LOWELL — To truly understand the Greek tragedy unfolding before our eyes, we need to go back to where it all started.
That brought me to this old mill city and cultural heart of the state’s Greek community, where everyone seems to know a Demoulas, work for a Demoulas, or is loosely related to one.
It began in 1917, when family patriarch Arthur Demoulas opened a neighborhood grocery store on Dummer Street. That seed grew into today’s $4.6 billion Market Basket empire.
Known as Demoulas market, it was one of many Greek-owned stores at the time. While the original location is long gone, people around here still say they shop at Demoulas when they head to a Market Basket.
Old-timers remember Arthur’s sons, Mike and George, who worked side by side in the family business. Unlike the current generation, they got along.
Each had a son named Arthur, and as we all know by now, they went to war — with each other. Their battles have spilled from the courtroom to the boardroom and into the grocery aisles, with 25,000 jobs and 71 stores hanging in the balance.
Would things have gotten so out of hand if their fathers were still alive?
“Never,” said Peter Cocalis, the longtime owner of
Olympia Restaurant, nursing a Johnnie Walker Black in one hand and fingering rosary beads in the other.
Of course, you could blame Mike for starting the feud that his son Arthur T. and nephew Arthur S. have continued, an assertion backed by the courts.
Cocalis knows both families well, and like many others in this town, he’s not taking sides.
In fact, people around here say there are no Bad Arthurs, only good ones. The Olympia sits a couple of blocks from the original market. Mike and George were regulars, coming in twice a week for lunch or dinner.
The Arthurs eat here, too. Arthur S. was spotted a few weeks ago, and Arthur T. sat down for a meal three months ago with the chancellor of the University of Massachusetts Lowell, Marty Meehan. They chatted about the economy and the supermarket business.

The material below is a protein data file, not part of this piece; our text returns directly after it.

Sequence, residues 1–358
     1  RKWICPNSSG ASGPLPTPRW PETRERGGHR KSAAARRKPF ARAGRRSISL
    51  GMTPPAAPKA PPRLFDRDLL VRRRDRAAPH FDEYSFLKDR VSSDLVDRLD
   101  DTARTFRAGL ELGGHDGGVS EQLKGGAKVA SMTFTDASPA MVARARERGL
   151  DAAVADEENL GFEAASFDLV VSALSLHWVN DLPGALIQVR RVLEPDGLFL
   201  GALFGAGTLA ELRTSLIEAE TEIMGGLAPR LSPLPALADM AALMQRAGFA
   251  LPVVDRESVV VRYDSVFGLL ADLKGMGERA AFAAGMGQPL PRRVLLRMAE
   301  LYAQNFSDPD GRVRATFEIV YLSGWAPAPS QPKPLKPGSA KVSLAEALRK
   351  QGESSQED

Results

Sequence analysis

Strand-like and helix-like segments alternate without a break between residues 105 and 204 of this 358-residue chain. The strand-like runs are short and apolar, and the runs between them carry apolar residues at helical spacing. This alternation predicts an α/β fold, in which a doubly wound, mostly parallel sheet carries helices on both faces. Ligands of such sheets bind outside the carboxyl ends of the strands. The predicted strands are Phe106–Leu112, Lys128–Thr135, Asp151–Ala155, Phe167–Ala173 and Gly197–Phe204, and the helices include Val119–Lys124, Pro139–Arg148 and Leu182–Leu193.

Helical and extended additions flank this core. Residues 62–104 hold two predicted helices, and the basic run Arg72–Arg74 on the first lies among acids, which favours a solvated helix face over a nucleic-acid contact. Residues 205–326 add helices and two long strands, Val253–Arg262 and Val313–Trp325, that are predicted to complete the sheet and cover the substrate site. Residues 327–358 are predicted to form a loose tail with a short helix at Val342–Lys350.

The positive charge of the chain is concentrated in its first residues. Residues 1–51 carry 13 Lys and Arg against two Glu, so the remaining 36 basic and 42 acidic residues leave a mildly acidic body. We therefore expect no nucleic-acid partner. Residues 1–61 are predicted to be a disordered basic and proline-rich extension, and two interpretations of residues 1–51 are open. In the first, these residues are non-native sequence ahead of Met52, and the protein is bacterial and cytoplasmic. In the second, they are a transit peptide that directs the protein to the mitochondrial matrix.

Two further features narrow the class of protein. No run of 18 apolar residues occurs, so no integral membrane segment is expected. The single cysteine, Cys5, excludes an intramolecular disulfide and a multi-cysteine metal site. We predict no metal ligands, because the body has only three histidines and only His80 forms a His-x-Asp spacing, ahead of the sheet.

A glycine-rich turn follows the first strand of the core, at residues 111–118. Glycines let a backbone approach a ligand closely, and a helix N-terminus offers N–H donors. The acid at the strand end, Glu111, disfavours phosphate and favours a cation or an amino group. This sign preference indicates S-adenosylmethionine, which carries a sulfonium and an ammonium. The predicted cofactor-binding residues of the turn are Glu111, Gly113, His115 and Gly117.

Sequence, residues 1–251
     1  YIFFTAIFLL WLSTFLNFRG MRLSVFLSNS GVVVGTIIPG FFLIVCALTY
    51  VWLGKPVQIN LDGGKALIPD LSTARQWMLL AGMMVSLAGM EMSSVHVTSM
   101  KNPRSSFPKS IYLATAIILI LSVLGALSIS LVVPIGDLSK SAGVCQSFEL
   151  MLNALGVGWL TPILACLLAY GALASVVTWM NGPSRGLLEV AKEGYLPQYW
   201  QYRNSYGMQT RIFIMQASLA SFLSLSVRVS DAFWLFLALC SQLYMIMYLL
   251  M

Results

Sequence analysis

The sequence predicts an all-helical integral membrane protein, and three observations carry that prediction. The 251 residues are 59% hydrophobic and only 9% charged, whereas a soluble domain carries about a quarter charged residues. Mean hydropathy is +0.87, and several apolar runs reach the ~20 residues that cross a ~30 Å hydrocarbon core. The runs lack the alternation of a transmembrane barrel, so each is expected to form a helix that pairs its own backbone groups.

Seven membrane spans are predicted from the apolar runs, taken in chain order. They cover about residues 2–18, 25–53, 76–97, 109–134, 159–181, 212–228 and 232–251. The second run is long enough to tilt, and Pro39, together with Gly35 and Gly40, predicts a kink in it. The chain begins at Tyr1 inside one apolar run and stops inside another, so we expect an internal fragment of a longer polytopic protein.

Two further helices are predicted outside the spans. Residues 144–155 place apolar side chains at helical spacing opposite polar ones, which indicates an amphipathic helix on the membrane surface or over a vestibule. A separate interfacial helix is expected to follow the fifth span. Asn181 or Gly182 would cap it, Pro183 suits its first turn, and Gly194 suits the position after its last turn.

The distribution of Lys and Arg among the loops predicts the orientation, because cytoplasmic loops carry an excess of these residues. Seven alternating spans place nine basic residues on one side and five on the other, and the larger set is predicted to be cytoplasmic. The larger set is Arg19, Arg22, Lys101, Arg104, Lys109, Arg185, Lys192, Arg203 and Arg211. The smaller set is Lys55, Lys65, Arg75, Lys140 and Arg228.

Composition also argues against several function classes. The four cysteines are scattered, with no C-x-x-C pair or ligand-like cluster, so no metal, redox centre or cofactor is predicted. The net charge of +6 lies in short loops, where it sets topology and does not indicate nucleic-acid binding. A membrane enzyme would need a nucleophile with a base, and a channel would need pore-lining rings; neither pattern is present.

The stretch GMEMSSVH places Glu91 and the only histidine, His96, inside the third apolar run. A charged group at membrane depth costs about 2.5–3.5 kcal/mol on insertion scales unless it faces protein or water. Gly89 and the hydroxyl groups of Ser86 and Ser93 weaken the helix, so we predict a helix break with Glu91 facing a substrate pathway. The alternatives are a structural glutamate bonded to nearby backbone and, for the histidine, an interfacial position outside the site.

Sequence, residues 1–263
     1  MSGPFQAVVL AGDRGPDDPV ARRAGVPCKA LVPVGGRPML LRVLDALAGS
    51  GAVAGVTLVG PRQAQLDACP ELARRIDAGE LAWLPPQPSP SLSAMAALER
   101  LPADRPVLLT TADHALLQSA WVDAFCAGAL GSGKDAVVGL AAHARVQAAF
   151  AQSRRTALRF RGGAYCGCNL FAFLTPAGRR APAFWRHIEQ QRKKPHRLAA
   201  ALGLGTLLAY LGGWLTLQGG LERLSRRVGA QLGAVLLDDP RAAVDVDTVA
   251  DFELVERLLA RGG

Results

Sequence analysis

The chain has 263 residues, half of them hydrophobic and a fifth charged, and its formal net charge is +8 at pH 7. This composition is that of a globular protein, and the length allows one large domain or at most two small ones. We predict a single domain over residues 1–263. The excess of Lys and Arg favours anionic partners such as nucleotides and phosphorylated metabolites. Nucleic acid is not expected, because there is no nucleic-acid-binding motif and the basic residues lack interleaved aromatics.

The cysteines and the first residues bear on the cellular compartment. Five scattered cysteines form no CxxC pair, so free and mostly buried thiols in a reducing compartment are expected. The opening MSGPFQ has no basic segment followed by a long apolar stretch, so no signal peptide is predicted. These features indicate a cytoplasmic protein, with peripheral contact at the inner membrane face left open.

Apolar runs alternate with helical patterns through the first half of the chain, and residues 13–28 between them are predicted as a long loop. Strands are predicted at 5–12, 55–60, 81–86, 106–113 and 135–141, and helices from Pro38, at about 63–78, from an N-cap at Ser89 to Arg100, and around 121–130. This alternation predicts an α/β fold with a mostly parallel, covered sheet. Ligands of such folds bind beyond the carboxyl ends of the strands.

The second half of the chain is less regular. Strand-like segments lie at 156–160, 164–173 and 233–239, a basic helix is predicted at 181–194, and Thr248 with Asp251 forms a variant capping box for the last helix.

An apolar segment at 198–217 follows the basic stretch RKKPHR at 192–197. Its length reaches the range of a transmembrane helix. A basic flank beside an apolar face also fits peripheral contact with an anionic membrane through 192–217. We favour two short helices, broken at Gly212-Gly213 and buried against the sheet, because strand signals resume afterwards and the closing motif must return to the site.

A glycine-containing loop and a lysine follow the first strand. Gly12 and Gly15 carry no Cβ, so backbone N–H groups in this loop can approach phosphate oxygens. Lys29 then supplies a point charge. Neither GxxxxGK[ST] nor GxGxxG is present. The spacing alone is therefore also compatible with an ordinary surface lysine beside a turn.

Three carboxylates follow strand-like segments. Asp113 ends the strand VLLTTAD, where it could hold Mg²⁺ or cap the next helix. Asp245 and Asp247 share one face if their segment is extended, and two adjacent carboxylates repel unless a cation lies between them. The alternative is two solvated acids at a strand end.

I thought the people who know them the best could tell me why these cousins can’t see eye to eye.
Arthur S., once he gained control of the company, pushed out Arthur T. as president in June.
Employees are rebelling and customers are boycotting the stores in solidarity, unless he returns. To resolve the standoff, Arthur T. has offered to buy out his cousin.
Some say that jealousy fuels the blood feud — one cousin, Arthur T., was groomed to run the business, while the other, Arthur S., was cut out.
Some say that the legal battles took a toll when Arthur S. accused his uncle Mike and his family of stealing shares from his side, following the untimely death of his father, George, of a heart attack in 1971 while vacationing in Greece.
Others say it’s about fairness. If one side of the family built the business, they should enjoy more of the profits.
And no one thinks it’s just about money.
“They have plenty of money,” said George Zaharoolis, 75, as he polished off a chicken kabob at the Olympia, which hummed with lunch customers Wednesday.
Zaharoolis knows both Demoulas factions, and was treasurer of the nearby Holy Trinity church when Arthur S.’s father served as president.
The Arthurs were born rich and grew richer, with court documents showing more than $1 billion in Market Basket profits were distributed to the families over the past decade alone.
After George’s sudden death, Mike took care of everyone.
He was known as a relentless businessman, a workaholic who built the modern-day Market Basket.
He believed in low prices for customers and treating employees right.
From a young age, his son, Arthur T., could be found by his side, learning how to check produce and be a boss with a heart.
Artie T., as people call him, stayed in the Lowell area to grow the franchise, while Arthur S. built a life in Boston.
When they worked together, Mike and George gave back to the community. Mike and Arthur T. carried on that tradition. The family, often quietly, has doled out millions of dollars to charities, churches, hospitals, and other nonprofits, much of it in the Merrimack Valley.
As you can imagine, Arthur T. — not only among Market Basket employees — walks on water here because of all his good works.
Even the fact the courts have ruled that his family defrauded the Arthur S. side doesn’t sway anyone.
“It doesn’t make sense,” said Nikitas Flaris, another Olympia patron. “You are helping everyone else. Why would you hurt your family?”
The Greeks began coming to Lowell in the 1890s, drawn by work in the textile mills. Soon they filled the Acre, a poor neighborhood that was the gateway for immigrants. There were Greek churches, markets, and coffeehouses.
The Demoulases lived the American dream, but everyone says it’s a shame what became of it.
“I don’t know anybody of Greek descent who is enjoying this,” said former governor Mike Dukakis, whose father’s family is from Lowell.
“I hope someone makes some sensible decision here before it ends up in pieces on the floor.”